My reward came the following week, though, when camp finished, and school started again. P turned back to kindy to ask if his friend had gone home yet, and saw his Chinese teacher standing at the door. Without awkwardness or hesitation, he asked, “Laoshi, wode pengyou huijiale ma?” and when she answered in Chinese the conversation flowed through several exchanges. “By golly, it’s worked,” I thought with surprise.

Later I asked P for his impressions – had the class gone ok, despite being all in Chinese?

“The camp, you mean.”

“Sure – the camp.”

“It was ok that it was in Chinese,” he said. “I already knew a lot of the words.” Knew, but hesitantly. It took a new setting with different people and a TV screen to give him confidence in his abilities. Still, I wondered how much he’d understood and remembered.

“What was the moral of the story you guys worked on?”

“Even things that seem scary might not be as scary as they first appear.” I think he was referring to the shark character, who turned out to be misunderstood, but you and I can see the broader lesson.

And no, it's not "sticker charts rule".

Which is not “sticker charts rule”.

Quick Review and KidStartNow info:

  • The KidStartNow holiday camp is a series of four two-hour-long sessions. It’s recommended for children from three to six years old. Class sizes are small (maximum eight).
  • We liked it! We would go back. I’m considering putting T into a class in future. She is younger and has less ability in Chinese but is also more willing to wing it and would therefore probably be fine.
  • P’s starting ability: P, who is six, has been taking the normal Chinese class at his school for three years, and the extra enrichment class at his school for eighteen months. Otherwise, he gets little exposure to the Chinese language and generally won’t speak it if asked.
  • The two-hour program was the right amount of time to challenge P’s language abilities but not quite so long that his brains melted into a puddle.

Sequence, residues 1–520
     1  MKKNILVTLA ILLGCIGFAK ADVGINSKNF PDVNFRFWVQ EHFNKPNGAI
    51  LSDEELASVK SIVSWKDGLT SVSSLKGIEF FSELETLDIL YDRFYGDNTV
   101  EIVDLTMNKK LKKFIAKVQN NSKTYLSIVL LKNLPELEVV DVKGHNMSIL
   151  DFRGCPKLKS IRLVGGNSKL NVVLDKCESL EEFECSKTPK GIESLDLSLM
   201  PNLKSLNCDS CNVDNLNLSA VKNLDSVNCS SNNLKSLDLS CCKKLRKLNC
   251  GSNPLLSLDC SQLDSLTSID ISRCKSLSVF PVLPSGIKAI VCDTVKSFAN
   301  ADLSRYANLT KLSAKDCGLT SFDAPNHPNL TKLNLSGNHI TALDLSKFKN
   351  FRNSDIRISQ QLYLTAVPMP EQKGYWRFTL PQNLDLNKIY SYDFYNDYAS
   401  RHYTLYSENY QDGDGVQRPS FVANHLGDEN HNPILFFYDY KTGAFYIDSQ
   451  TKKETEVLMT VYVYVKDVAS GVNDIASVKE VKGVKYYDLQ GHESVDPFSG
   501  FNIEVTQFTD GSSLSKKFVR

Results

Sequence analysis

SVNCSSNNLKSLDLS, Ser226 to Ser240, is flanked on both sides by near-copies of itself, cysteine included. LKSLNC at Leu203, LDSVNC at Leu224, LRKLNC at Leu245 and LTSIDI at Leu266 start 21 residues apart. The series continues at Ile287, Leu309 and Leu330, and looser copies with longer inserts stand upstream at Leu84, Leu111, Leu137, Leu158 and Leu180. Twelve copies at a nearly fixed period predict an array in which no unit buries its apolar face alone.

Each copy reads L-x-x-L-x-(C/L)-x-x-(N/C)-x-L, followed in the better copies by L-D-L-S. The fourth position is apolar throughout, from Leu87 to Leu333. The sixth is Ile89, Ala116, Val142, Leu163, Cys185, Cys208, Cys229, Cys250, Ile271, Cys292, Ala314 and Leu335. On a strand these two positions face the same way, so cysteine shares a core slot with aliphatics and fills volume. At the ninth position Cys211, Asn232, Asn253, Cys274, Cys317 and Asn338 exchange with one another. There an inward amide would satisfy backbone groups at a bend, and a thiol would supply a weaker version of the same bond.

• The teacher was able to adapt her lessons to suit the class and keep everyone engaged for the entire two-hour period, which helped with the puddle-melting.
  • Highlights for P were the story and the points system. And let’s face it, that crab hat had a little something, too.
  • The TV screens worked well to give parents the ability to unobtrusively “sit in” and gave P the feeling that he was “putting on a TV show for mum outside”.
  • The next holiday camp runs from 29 Jul – 1 Aug, 9-11am – smack bang in the international school holidays. There are also classes (classes – school) during term time. More information on the KidStartNow website.

What the KidStartNow experience taught me about encouraging bilingualism as a monolingual parent:

  • Kids who are good at code-switching can be reluctant to talk to their parents in a foreign language, and spying on them during an immersion class can help break the ice. Really! The effect is more like Big Brother the reality TV show than Big Brother the scary dystopian panopticon.
  • Exposing learners to success with new people and situations can help put them at ease with their abilities.

Read also: Christy’s review of the December 2013 camp her kids attended.

KidStartNow - Our first Chinese immersion holiday camp, Singapore.